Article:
(Not that the farm's energy source had any affect on the cheese's taste. But I felt so crunchy and liberal eating it!)

So I'll be featuring various root vegetables coming up, including what they look like and how to use them. Also--fresh maple syrup!

Monday, October 4, 2010

Poached pears

The mangoes in Massachusetts are terrible, but the apples and pears are great! A ripe, juicy pear is one of the best things on earth, but unfortunately there's only about a ten-minute window of perfect for a pear. Miss that ten minutes, and they're either too hard or too soft.

But too-soft pears can be put to other uses, namely, poaching them in wine. Be sure to have lots of vanilla ice cream on hand to serve them with--some almond cookies wouldn't hurt, either.

Peel and core six to seven small pears. In a pan, combine 1/2 cup OJ, most of a bottle of a good red wine (I used Two-Buck Chuck; we could debate whether that's a "good" wine, but it did the trick), a cup of water, and some cardamom and cinnamon. Let it boil, add the pears, then simmer on low until the pears have absorbed some of the liquid and are a pleasing wine color (30 to 45 minutes). Remove the pears and bring the sauce back to a boil; let it reduce until there's only about a cup or so of liquid left. Pour that over the pears and ice cream, and enjoy.

Sunday, October 3, 2010

Mushroom risotto

I've finally found a decent use for all the dried shittake mushrooms I had floating around in my pantry.

I brought them with me to the hotel room because, well, they're dried. It's not like they're taking up a lot of room. And the other day I picked up some portobello mushrooms from Sam's Club ($4.98 for four HUGE portobello caps). And then I thought: mushroom risotto!

I took out maybe a cup of the dried mushrooms and put them in a bowl, and poured boiling water over them. I let that sit for a while, to let the 'shrooms reconstitute. Then I sauteed two diced shallots in some truffle oil in a big pan, and added a cup of arborio rice to that. Let the rice soak up some of the oil, maybe one minute. I then added 3/4 cup white wine and the mushroom juice from the bowl.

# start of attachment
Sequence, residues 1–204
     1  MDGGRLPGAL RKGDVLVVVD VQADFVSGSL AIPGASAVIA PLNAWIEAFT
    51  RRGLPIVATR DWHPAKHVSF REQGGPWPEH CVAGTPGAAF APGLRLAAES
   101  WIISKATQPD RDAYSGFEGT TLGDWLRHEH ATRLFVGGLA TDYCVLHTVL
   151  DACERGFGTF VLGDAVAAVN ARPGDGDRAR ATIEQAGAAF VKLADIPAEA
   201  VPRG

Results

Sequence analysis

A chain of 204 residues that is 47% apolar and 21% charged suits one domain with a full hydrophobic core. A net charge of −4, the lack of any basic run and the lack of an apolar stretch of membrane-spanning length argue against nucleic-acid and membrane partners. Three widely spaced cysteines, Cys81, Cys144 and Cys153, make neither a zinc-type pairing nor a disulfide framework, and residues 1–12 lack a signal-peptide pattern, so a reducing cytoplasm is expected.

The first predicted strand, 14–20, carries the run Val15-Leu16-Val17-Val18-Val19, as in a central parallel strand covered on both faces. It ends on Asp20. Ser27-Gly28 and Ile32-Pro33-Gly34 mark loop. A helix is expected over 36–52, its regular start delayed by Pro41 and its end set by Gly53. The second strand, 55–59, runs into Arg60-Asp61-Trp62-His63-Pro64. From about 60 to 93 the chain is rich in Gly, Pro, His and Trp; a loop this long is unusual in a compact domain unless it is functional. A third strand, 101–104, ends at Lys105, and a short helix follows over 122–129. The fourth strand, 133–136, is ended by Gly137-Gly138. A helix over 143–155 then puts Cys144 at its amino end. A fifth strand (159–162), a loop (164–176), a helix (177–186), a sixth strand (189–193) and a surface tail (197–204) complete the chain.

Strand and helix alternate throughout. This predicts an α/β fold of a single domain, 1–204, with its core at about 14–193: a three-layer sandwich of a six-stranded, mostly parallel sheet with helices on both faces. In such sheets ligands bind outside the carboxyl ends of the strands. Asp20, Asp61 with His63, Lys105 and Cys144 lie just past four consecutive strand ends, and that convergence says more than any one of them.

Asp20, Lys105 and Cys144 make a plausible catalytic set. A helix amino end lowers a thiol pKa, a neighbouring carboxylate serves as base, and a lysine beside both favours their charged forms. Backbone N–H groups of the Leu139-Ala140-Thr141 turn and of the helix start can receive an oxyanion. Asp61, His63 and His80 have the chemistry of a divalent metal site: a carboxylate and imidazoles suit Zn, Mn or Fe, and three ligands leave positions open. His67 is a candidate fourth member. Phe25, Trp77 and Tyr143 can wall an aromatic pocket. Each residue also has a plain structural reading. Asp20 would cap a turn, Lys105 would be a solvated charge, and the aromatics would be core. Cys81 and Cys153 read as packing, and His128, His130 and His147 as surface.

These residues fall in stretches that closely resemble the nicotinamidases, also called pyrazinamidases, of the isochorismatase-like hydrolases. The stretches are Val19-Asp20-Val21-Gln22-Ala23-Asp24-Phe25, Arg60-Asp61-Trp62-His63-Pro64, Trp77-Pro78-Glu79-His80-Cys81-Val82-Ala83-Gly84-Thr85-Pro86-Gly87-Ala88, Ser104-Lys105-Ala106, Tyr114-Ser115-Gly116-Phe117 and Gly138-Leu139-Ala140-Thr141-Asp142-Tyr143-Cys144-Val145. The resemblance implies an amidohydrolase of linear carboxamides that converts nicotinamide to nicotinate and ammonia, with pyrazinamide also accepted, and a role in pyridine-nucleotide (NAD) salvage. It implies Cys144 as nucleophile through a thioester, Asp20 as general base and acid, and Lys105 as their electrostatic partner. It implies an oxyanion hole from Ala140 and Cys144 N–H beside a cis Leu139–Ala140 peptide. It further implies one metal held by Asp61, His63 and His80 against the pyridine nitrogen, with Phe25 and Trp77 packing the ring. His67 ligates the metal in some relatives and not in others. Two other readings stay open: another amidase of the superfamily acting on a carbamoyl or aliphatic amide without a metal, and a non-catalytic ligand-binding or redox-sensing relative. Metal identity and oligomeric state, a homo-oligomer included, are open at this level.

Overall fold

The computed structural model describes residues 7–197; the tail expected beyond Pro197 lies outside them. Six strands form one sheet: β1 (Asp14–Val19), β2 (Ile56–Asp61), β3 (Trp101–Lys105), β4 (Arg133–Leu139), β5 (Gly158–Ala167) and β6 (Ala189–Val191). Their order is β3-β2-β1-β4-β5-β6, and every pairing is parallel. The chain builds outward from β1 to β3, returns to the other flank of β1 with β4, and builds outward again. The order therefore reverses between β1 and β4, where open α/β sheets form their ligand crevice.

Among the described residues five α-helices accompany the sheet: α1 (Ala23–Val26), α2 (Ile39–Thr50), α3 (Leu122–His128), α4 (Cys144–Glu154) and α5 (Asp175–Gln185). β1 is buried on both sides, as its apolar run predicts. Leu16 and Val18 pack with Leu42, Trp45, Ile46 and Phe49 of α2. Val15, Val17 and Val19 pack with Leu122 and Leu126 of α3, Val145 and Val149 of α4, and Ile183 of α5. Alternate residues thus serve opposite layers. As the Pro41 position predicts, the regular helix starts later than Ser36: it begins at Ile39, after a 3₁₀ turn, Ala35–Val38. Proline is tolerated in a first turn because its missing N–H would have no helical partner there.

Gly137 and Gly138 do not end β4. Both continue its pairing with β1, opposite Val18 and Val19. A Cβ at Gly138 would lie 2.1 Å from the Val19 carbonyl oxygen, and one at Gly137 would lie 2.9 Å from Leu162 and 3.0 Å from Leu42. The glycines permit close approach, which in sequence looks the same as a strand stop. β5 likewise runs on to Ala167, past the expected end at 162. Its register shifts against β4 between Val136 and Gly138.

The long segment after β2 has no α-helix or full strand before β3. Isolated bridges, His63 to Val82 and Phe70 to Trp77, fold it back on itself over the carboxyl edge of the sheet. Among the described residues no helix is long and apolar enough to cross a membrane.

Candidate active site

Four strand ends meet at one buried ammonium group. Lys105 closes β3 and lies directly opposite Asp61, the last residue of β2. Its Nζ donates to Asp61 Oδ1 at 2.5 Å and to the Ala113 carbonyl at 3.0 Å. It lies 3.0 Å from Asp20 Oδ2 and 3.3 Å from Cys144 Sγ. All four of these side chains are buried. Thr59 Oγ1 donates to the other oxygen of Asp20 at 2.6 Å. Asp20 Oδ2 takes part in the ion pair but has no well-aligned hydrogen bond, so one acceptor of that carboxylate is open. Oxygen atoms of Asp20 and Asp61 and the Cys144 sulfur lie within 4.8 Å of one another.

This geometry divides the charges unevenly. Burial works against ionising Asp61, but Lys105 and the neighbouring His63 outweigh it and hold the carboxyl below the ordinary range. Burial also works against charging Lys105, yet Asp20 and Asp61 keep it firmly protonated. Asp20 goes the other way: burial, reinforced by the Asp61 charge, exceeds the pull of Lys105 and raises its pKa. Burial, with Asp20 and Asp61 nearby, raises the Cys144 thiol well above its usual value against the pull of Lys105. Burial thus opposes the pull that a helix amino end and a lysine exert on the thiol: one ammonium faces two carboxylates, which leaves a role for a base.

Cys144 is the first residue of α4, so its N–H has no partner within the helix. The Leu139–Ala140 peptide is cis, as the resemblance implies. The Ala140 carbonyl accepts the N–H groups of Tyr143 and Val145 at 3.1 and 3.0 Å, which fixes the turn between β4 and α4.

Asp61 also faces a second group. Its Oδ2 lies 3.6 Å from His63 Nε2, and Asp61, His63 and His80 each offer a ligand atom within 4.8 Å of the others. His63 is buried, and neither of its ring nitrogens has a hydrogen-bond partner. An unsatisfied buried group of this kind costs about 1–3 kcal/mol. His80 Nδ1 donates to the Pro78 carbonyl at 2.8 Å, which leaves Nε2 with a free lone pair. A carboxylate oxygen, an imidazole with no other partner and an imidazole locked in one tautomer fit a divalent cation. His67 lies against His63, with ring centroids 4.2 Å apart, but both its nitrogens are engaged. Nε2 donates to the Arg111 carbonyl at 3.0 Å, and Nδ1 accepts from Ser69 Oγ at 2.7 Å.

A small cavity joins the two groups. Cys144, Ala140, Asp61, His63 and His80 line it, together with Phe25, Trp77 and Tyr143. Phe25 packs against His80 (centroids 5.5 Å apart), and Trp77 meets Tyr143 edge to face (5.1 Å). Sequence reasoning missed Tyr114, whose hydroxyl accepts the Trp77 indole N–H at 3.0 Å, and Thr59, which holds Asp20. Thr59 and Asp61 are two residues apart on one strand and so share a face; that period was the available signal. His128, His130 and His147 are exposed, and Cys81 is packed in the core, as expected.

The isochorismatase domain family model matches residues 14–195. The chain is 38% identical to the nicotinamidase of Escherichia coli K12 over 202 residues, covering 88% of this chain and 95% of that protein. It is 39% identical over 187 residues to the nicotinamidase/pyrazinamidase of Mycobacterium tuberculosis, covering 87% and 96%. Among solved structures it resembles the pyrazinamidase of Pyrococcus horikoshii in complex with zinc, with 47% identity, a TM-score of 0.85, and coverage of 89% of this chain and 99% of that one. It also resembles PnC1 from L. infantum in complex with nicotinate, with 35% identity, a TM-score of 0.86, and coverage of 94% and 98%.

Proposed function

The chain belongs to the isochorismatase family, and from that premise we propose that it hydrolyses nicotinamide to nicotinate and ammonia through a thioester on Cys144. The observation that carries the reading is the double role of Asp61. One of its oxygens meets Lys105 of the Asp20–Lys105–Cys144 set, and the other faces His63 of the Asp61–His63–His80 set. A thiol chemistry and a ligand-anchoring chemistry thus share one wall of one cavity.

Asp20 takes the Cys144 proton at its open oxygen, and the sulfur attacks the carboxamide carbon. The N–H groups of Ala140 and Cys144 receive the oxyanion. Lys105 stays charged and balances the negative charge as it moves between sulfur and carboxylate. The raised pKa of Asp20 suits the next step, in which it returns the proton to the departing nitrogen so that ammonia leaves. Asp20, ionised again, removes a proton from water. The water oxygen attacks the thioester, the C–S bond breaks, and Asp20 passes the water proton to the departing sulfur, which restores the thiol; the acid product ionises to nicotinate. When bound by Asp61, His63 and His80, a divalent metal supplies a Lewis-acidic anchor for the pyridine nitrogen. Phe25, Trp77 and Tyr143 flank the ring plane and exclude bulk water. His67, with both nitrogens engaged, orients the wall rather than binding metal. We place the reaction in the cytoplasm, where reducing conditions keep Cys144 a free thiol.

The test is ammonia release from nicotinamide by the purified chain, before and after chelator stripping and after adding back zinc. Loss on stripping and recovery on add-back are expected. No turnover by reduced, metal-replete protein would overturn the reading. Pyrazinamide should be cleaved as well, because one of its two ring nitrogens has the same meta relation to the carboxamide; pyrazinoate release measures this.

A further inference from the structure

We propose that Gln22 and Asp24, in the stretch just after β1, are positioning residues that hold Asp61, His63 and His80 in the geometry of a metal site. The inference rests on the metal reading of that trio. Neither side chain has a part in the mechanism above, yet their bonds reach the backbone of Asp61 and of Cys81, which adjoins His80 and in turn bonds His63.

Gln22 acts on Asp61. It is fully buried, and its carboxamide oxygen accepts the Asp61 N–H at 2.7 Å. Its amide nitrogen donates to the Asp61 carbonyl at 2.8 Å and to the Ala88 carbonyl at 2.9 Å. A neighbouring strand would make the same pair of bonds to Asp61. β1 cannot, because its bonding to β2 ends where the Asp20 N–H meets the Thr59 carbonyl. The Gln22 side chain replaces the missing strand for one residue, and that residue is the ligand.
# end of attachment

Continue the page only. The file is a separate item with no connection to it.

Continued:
Risotto is just a matter of letting the rice soak up the liquid. Keep adding liquid in small batches (in this case, white wine; mushroom juice; and chicken broth, in that order, although you could use veggie broth and keep this vegan/vegetarian) and stir often until the rice is plump and cooked through and the liquid is mostly gone. Add one chopped portobello mushroom cap about halfway through the process.

At the end, add a little cream and two handfuls of grated parmesan, stir well, and salt and pepper to taste. A little fresh parsley on top won't hurt, either.

1 cup dried mushrooms
1 large portobello mushroom cap
1 cup arborio rice
Around 3 cups total liquid (wine/broth)
2 diced shallots
Truffle or olive oil
3 tablespoons heavy cream
2 handfuls grated parmesan

Saturday, October 2, 2010

Poached egg salad with truffle oil

This makes a yummy, healthy, and fast breakfast. It's just greenery (lettuce, spinach, arugula, mixed salad greens, what have you) with a poached egg on top. Add a splash of truffle oil and tarragon vinegar, and some freshly grated parmesan. Add good salt and pepper. Enjoy.

Lightly poaching an egg will take about two minutes, so this takes less time to get ready than toaster waffles. Tastes better, too.

Friday, October 1, 2010

Wine from my collection: Francis Coppola Petite Sirah 2007

Yes, that Francis Coppola, as in Francis Ford Coppola. This is his Petite Sirah (around $16.99 retail). It's very berry-ish, a little spicy, a little smoky. It's deep and intense, a little much for drinking by itself, but it's a very good food wine. Just make sure you're drinking it with something that can stand up to it--red meat, or mushroom soup, or something like that.